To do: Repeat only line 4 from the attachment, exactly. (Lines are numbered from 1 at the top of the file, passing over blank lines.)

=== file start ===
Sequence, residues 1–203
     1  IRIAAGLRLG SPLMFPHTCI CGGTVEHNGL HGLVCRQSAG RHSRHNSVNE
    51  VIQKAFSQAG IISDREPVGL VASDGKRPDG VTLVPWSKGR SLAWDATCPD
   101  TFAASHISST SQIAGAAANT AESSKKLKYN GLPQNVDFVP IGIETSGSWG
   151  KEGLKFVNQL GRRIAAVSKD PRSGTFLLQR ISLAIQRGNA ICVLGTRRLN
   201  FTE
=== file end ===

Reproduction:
   101  TFAASHISST SQIAGAAANT AESSKKLKYN GLPQNVDFVP IGIETSGSWG